User analytics are both great and terribly misleading. It’s easy to make the wrong assumptions about why a user segment is exiting your software or not using a particular feature. Don’t infer the meaning behind analytics. Go to the source and ask users what would make the software better at the particular point of exit. As obvious as this sounds, product teams consume analytics and try to guess at user behavior all the time. This wastes a lot of time and unnecessarily increases risk. Instead use analytics as a starting point to narrow the investigation. Interview small numbers of users to investigate the behavior behind the analytic. Even just five users per persona is usually enough to spot a trend.

5) Don’t fall victim to no start path.

If you don’t have any analytics behind your technology to know what’s happening or are running into adoption challenges with new software, it’s possible that many of your users are simply never getting started. With sophisticated technology and domains, it’s easy to get mired in the details. If users never start, the details don’t matter. Software that gets traction with enterprise users typically does a few things really well with instant gratification upon first use. While it may take several minutes or even hours for a user to complete a larger task, there should be some initial quick wins carved out in the process to ensure the user feels successful and will want to return. For example, allow the user to successfully import some data, locate and view an existing outcome, or perform a smaller portion of a larger task.

6) Recognize demographic shifts.

Has your user audience left the building? Many products that previously had great adoption are losing their luster with millennials as veteran users retire and leave the workforce. Millennials expect enterprise software to be just as easy and fun to use as social media and other technology on which they rely. They also typically expect software to run in some form across all of their devices, mobile, tablet and desktop. Recognize if your user audience has changed and investigate new expectations that may differ from old hat.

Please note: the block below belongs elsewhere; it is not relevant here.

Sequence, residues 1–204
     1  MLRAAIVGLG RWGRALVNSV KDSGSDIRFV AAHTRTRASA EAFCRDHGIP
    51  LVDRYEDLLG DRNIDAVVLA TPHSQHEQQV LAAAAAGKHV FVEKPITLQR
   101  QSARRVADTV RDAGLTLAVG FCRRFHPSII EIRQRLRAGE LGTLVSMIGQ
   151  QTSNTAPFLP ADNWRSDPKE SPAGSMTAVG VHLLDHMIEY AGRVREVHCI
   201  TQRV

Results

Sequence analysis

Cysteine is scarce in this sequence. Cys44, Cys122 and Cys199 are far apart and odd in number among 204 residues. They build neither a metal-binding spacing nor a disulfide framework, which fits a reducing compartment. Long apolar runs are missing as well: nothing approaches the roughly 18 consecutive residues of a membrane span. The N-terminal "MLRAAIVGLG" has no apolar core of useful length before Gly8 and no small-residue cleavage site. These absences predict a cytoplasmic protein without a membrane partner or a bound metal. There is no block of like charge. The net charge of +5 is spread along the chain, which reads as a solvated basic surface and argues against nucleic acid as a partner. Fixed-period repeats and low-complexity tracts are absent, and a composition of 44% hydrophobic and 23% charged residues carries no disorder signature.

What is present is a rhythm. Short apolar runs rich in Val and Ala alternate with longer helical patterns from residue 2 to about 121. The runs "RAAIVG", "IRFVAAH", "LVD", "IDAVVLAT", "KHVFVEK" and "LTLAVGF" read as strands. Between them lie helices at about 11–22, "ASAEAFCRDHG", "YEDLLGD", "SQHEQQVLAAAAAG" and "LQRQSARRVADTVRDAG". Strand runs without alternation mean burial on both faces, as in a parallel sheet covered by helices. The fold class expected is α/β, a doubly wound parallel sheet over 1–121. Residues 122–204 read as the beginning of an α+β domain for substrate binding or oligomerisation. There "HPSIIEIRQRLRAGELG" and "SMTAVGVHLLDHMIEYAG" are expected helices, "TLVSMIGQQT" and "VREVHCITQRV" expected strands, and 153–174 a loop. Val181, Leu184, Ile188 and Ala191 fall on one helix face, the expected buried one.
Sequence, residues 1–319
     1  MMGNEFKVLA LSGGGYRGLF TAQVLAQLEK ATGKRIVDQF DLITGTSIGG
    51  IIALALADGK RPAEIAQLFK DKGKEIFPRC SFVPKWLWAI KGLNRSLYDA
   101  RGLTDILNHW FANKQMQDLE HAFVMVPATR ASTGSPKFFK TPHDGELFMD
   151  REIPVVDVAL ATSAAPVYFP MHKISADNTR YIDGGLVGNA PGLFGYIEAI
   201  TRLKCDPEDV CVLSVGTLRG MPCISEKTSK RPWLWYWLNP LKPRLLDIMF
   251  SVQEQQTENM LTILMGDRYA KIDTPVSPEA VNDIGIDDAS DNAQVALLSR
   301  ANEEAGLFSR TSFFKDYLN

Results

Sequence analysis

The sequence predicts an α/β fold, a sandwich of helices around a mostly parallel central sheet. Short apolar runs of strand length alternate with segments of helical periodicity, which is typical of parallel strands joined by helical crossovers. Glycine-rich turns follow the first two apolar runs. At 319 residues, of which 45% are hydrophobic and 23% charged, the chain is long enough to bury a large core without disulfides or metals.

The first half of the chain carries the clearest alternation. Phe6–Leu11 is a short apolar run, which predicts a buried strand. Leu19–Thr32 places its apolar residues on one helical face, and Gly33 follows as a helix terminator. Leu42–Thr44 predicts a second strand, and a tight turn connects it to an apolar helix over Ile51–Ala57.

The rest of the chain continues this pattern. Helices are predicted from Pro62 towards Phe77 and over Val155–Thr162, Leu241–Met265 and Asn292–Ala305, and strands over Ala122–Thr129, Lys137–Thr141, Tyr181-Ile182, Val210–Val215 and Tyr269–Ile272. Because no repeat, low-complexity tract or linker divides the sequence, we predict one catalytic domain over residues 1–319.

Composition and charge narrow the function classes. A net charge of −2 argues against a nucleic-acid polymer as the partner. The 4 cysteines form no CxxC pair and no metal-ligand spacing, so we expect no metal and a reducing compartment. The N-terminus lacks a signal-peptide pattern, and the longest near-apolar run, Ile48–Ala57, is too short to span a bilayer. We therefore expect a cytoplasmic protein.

7) Set measurable goals.

This last tip is groundbreaking: set “measurable” goals for user adoption. In all seriousness, what defines successful user engagement for enterprise software can vary wildly. Common consumer focused metrics such as frequency of use, number of outcomes generated, or amount of data stored in the system can lead to a false sense of accuracy in enterprise. While these metrics may be applicable for some user audiences, measuring success in other situations could prove more difficult. For example, frequency alone could not be used to measure the adoption of mission critical software that is only applicable when failure has occurred, or retail software that has a cyclic nature and is used more heavily from November through January. Instead create new measures that are more indicative of the value that your software provides and can truly serve as a barometer for success or failure. For example, rather than user login frequency, try the number of system-wide failures averted or time to adapt to a shift in the supply chain.